Syngenta and Quad County Corn Processors (QCCP) are collaborating to produce cellulosic ethanol from corn kernels as well as to license the technology to other ethanol plants. The first-of-its-kind technology is known as Adding Cellulosic Ethanol (ACE Project) and was developed by QCCP, which expects to produce one million gallons of cellulosic ethanol in 2014 and two million gallons in 2015. The introduction of the technology will enable QCCP to increase ethanol yield per bushel by six percent, produce an additional two million gallons of cellulosic ethanol per year and realize a number of other important benefits including increased production of corn oil and distillers grains (DDGs).
Delayne Johnson, CEO of QCCP discussed the technology during a press conference held at the Iowa Speedway last Friday. The event was part of the American Ethanol 200 presented by Enogen sponsorship. The NASCAR Camping Truck World Series races on E15.
“Adding Cellulosic Ethanol technology will help us to increase the protein content of dried distillers grains (DDGs) by 40 percent, improve corn oil extraction by 200 percent and realize more ethanol out of the same kernel of corn,” said Johnson. “The commercialization of this technology represents a major advance in the production of cellulosic ethanol. For example, Adding Cellulosic Ethanol technology could produce one billion gallons of cellulosic ethanol by converting the corn kernel cellulose from corn currently being processed in existing dry grind ethanol plants. And, once hemicellulosic yeast is FDA-approved, Adding Cellulosic Ethanol will be capable of producing an additional one billion gallons – all from corn already being processed.” Johnson said tests have also shown that Adding Cellulosic Ethanol technology, in conjunction with Enogen® trait technology, will deliver significant benefits to ethanol plants beyond what can be achieved through either technology alone.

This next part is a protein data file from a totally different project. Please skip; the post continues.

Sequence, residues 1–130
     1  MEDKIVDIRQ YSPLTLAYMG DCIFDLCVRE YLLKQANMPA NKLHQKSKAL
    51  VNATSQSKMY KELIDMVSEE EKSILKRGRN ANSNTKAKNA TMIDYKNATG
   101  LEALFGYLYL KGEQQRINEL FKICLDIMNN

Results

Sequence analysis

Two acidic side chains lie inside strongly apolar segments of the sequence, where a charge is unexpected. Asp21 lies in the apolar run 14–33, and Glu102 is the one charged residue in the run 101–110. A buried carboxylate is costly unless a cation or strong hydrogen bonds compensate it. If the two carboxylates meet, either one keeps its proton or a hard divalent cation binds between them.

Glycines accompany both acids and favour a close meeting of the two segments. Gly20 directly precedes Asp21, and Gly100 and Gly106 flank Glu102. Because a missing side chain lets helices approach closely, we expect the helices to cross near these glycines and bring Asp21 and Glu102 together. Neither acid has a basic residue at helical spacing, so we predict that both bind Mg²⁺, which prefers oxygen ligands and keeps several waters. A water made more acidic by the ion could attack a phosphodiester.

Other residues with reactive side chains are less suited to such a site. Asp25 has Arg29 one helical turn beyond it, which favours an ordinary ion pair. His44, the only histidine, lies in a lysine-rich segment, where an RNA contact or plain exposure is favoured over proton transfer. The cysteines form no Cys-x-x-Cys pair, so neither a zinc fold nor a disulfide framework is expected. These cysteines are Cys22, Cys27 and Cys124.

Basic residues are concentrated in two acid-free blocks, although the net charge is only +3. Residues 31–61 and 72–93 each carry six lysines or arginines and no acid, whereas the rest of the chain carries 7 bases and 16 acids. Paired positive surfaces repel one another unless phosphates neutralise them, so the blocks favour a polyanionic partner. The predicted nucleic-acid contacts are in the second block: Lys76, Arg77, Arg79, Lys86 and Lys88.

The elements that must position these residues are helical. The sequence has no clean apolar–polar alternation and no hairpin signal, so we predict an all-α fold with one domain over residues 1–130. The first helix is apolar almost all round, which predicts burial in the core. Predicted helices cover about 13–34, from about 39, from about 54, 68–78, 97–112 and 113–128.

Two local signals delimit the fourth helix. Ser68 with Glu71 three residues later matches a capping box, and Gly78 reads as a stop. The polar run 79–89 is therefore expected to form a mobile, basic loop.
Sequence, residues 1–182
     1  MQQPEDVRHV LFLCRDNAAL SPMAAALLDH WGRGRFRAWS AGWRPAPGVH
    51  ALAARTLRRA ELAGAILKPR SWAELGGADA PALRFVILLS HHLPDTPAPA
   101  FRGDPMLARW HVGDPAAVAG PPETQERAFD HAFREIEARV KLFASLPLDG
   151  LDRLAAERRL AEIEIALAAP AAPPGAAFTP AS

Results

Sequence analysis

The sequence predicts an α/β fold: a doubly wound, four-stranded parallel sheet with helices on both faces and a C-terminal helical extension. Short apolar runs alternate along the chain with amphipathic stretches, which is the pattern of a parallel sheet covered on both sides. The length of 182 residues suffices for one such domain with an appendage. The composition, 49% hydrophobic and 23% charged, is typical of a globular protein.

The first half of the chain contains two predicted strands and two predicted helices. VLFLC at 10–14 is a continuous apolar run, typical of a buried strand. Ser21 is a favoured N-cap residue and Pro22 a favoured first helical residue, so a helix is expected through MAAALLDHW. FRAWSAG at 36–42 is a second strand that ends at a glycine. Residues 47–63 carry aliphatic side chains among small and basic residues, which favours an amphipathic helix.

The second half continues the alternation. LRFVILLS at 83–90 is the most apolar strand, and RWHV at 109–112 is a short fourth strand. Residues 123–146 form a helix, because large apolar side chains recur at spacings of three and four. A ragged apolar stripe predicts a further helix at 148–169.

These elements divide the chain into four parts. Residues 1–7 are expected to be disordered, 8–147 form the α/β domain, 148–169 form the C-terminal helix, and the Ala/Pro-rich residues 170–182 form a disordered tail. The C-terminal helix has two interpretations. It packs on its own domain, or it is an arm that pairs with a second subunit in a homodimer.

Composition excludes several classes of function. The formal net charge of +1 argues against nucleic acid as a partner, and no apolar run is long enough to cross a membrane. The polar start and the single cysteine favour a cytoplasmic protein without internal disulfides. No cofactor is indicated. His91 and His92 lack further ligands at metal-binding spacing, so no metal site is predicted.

Cellulosic Ethanol Technologies is a wholly-owned subsidiary of Quad County Corn Processors. Earlier this year, Syngenta announced an agreement with Cellulosic Ethanol Technologies to license Adding Cellulosic Ethanol technology to ethanol production facilities.
“Ethanol is helping America reduce its dependence on foreign oil, lowering prices at the pump, improving the environment with lower emissions, and growing the economy with jobs that can’t be outsourced,” said Jack Bernens, head of marketing and stakeholder relations for Enogen Trait Technology at Syngenta. “The combination of Adding Cellulosic Ethanol technology and Enogen could represent the next leap forward for ethanol production.”
Listen to my interview with Delayne Johnson here: [wpaudio url=”http://www.zimmcomm.biz/syngenta/NASCAR14-QCCP-johnson.mp3″ text=”Delayne Johnson interview”]